ISIS is much worse than Hamas
Last Friday, Rabbi Shmuley Boteach began an advertising campaign to defend the State of Israel by arguing that Hamas and ISIS are equally vile. According to his press release, “The ad equates ISIS and its execution of American journalist James Foley and Hamas' actions in Gaza.”
Not only is the opinion of “America’s Rabbi” wrong, it is dangerous.
Let me be clear: I believe Hamas is an existential danger to the State of Israel, and I denounce that bellicose terrorist regime vigorously. I was a strong supporter of our recent efforts in Gaza, where we probably should have fought longer and harder.
But ISIS represents a new kind of evil with scant precedent in world history.
[Warning: very graphic descriptions follow.]
ISIS lines its enemies up in front of ditches, makes them kneel, and shoots them from behind so they fall into pits. Sound familiar?
The organization publicly crucifies their perceived enemies, including some as young as twelve.
ISIS warriors place decapitated heads on sticks, marching them through the streets. Sometimes, after they’ve murdered someone, they rip his brains out for all to see.
ISIS captures non-Muslim women and girls and sells them into sexual slavery for as little as $25. The rest are raped and tortured in special prisons.
Their soldiers have cut Christian children in half, including those as young as five.
And, perhaps most importantly, the would-be caliphate engaged in actual genocide (not threatened genocide) against Yazidis, an ancient Kurdish ethno-religious community.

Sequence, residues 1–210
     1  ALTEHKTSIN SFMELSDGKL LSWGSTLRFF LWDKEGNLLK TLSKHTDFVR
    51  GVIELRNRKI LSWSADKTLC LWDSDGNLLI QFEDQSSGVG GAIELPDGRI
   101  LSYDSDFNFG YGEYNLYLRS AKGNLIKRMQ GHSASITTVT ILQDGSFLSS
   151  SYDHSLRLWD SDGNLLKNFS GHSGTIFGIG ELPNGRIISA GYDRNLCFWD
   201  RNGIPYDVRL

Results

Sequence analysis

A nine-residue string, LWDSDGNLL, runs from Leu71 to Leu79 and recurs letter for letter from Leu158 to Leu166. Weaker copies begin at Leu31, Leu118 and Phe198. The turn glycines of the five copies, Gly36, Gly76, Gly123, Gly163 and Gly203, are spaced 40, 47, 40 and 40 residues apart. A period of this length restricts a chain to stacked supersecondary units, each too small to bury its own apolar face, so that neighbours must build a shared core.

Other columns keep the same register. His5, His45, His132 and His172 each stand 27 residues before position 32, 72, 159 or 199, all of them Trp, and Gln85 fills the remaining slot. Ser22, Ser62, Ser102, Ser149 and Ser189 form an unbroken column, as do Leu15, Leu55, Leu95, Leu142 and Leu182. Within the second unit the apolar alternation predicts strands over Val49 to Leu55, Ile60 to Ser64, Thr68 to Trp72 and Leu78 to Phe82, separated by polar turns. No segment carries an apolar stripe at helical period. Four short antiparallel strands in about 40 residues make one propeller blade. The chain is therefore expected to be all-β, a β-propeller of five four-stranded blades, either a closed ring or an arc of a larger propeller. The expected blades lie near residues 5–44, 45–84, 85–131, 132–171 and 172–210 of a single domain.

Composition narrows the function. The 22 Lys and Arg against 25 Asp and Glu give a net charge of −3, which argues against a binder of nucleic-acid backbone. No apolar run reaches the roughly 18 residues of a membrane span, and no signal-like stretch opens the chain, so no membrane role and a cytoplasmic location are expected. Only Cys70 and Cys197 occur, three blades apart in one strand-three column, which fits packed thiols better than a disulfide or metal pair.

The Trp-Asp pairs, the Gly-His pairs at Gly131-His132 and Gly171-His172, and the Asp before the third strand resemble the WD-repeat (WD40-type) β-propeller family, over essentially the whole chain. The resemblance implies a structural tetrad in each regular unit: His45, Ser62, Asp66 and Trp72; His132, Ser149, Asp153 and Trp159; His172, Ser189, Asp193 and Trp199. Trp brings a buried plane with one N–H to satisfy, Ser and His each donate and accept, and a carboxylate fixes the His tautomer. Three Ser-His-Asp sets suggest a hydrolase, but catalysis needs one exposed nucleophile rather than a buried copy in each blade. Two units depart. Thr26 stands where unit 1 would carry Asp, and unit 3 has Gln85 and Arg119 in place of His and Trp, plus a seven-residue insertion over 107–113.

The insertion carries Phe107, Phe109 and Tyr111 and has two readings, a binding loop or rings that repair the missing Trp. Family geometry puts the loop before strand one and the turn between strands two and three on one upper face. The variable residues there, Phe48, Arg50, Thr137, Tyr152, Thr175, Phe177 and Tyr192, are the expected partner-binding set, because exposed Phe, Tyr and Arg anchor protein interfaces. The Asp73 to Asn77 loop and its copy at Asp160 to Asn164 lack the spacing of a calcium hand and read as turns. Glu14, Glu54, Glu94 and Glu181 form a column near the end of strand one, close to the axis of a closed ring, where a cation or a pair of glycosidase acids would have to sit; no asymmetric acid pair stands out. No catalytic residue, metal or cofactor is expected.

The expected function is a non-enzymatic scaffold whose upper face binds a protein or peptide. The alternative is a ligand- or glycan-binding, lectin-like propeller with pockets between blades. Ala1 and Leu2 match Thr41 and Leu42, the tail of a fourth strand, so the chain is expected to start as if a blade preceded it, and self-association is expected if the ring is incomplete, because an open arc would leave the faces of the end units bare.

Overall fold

Certainly, Hamas does evil things, including far milder versions of ISIS’s grotesque actions. But the two organizations are not even in the same category.
The advertisement Rabbi Boteach placed in The New York Times, the Washington Post, and other major newspapers shows two photos: an ISIS soldier getting ready to behead Foley; and Hamas militants preparing to murder men accused of collaborating with Israel.
To Rabbi Boteach, ISIS and Hamas are twin examples of the same phenomenon. But the fact that both are part of radical Islam is largely irrelevant. Technically, North Korea and South Korea are part of Korea, and each has government corruption. But to paint both countries with one broad brush would be ludicrous.
Even the images in the ad itself show the obtuseness of Rabbi Boteach’s argument. The Hamas soldiers are killing other Palestinians – using guns. Foley’s murderer beheads him with a knife, a much more barbaric and painful method of execution. Further, ISIS videotaped Foley calmly denouncing America and urging President Obama stop to his attacks. Foley would only have cooperated after extreme torture and brainwashing. And the murderer threatened to behead another American if his demands were ignored.
Worst, Foley was a journalist. We need journalists to risk their lives by going into crisis zones. They inform us about events of concern in far-off places, and gather news that can rally the public to take action. Without people like Foley, ISIS propaganda would be our only information from that part of the world.
Anyone who doesn’t believe in levels of evil is a moral fool. Raping a woman and killing her is awful; but raping eleven women, torturing them, and burying them alive is not equivalent – not even close.
It’s tempting to harness one’s pet cause to something everyone agrees is wickedly brutal. But that hamstrings the ability of good people to galvanize the free world to fight one of the worst evils ever known to man.
The rise and growth of ISIS is probably this generation’s greatest moral challenge. Please, people. Let’s keep our eyes on the ball.
David Benkof is a freelance writer living in St. Louis. He constructs the Jerusalem Post Crossword Puzzle, which appears in this publication. Follow him on Facebook, or E-mail him at DavidBenkof@gmail.com.